by Edward Qualtrough

CIO 100 shows CFO losing power to strategy directors

Apr 23, 20154 mins
CareersIT Leadership

While nearly half of CIOs in the 2015 CIO 100 report directly to their organisation’s chief executive, fewer technology leaders are being managed by the Chief Finance Officer and are instead reporting to a head of strategy, more senior global CIO, or as part of a matrix system involving the CEO and another strategy or operations leadership role.

Some 49% answer to their chief exec, a small increase from 48% in 2014 – with just 19% reporting to the CFO, 8% to the COO and 24% to another role in the latest CIO 100, which recognised Anna Barsby at Halfords as the leading technology executive in the UK.

The CFO reporting line represents a significant drop from the 30% of 2014 – when 10% of CIOs reported to their operations chief and 12% to other positions.

Strategy reporting lines are well demonstrated at Channel 4 and rail project HS2, with CIOs Kevin Gallagher and James Findley both reporting to a strategy director.

The CIO 100 judging panel agreed that while it was generally desirous to have a direct reporting line to the CEO, being able to influence the business transcended reporting lines, while the increase of those managed by a strategy role confirms that technology is being seen less as a cost centre.

Catherine Stagg-Macey said: “A shift from reporting into the CFO to a head of strategy is perhaps reflective of a recovering economy, with an increasing focus on IT making a contribution to expansive business strategies.”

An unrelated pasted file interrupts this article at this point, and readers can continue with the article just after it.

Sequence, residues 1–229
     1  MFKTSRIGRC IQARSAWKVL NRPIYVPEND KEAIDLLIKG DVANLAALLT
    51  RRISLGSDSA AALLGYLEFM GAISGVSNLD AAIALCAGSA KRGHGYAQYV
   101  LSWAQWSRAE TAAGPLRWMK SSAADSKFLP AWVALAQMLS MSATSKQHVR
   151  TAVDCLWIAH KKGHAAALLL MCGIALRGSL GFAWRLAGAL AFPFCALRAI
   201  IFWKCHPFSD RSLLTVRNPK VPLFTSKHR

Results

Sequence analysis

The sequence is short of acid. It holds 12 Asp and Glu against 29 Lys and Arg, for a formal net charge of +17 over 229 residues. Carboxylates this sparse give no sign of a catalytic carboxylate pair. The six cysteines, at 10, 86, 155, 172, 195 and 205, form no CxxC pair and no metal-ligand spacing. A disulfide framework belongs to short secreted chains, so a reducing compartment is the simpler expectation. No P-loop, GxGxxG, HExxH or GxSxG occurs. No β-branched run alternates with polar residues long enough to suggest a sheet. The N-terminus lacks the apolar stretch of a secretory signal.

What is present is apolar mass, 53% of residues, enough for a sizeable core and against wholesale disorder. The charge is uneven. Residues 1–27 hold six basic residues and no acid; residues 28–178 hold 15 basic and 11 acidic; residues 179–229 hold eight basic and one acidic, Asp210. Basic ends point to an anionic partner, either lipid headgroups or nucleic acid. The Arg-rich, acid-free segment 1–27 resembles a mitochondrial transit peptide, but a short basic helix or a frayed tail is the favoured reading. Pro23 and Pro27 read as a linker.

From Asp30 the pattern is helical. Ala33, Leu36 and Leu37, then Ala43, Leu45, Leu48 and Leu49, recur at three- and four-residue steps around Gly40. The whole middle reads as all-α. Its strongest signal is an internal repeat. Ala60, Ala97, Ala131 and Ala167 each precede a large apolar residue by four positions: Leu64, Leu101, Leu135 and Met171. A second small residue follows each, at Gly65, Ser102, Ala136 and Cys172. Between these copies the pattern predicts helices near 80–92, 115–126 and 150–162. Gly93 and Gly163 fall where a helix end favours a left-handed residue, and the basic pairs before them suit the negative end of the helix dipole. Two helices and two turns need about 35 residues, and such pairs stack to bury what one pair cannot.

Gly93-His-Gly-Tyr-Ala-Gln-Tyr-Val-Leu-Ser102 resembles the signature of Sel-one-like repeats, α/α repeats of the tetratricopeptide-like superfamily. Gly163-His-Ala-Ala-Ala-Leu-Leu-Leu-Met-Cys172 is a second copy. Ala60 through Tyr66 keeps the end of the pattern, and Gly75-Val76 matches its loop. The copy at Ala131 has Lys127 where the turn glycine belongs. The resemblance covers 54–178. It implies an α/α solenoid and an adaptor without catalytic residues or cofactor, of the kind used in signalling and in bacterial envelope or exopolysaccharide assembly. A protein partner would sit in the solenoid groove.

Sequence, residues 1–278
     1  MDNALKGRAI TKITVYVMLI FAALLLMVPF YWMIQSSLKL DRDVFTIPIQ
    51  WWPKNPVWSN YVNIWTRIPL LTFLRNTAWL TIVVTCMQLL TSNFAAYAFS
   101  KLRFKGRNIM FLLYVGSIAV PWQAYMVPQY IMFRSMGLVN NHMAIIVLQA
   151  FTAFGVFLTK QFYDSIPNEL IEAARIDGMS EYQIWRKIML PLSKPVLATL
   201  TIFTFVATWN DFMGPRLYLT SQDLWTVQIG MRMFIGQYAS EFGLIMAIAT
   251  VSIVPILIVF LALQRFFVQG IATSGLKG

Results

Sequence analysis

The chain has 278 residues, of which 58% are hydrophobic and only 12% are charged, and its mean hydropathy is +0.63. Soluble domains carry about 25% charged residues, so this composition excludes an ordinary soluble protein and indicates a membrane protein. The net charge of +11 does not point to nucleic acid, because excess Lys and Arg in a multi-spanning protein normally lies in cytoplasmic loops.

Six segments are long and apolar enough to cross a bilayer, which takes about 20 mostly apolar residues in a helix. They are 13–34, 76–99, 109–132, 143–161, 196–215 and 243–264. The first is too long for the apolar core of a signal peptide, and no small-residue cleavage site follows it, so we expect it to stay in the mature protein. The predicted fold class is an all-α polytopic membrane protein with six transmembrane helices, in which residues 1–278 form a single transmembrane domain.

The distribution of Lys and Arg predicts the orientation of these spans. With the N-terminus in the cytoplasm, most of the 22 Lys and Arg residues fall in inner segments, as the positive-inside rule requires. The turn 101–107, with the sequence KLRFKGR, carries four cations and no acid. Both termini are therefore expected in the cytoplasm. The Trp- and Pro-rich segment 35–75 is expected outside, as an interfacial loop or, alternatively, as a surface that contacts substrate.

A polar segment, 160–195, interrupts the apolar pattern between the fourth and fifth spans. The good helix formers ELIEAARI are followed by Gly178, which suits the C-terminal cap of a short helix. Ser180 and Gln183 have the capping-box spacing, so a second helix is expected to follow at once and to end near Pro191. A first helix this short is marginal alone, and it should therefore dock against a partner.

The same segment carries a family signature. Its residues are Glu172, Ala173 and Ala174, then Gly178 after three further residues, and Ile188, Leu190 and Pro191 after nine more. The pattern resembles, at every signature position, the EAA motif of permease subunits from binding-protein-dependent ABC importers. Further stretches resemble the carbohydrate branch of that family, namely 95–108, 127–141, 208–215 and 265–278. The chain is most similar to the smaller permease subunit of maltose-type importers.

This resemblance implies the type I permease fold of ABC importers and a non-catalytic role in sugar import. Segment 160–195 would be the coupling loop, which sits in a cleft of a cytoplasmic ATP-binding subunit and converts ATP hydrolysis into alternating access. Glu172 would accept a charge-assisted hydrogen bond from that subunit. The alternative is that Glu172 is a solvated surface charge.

Fellow CIO UK columnist and CIO 100 judge Ian Cox said: “There does seem to be a general trend across all the statistics that indicates the CIO role is becoming more strategic in organisations that are looking to transform and invest in digital initiatives.

“And, not surprisingly, this is particularly notable in the top 20 which are of course the most transformational CIOs.”

Even without a direct reporting line, the CIO 100 shows most senior technology executives enjoy a high degree of proximity to their chief executive, with 44% telling us they meet with their CEO at least once a week to discuss business strategy.

While this is lower than the 49% we reported in 2014, we asked expressly this year about meeting to discuss overall business strategy.

Board level representation among the CIO 100 was down from 50% in 2014 to 37% – although an overwhelming 93% told us they sit on some kind of management or leadership board. In 2013 78% of CIOs told us they held a position “sitting on a leadership board driving business decisions”.

The panel again noted the ability to influence the business was perhaps more praiseworthy if they did not formally have the same CEO and board proximity.

Matt Ballantine commented: “A great business leader will have influence and be able to achieve what they need to do irrespective of reporting lines; ultimately they need to be able to win the trust and minds of just about everyone at board level.”

Former CIO 100 high-flyer Ian Cohen added: “Certainly if you report to the CEO you have a formal route but equally there are CIOs who report functionally and have developed a great relationship with the CEO and other leadership executives.

“You could argue, in this regard, they exhibit greater influencing skills and transformational qualities as a result.”

However, Ade McCormack warned against complacency and suggested IT leaders needed to evolve to stay relevant and guide the business in the digital age.

“I think the radical shift in respect of the CIO’s relationship with other CxOs is in line with digital disruption,” McCormack said.

“This is uplifting, but may only be temporary given that many CIOs signed up to manage the technology rather than leading digital. The extended remit may either not appeal, or even be a competence too far.”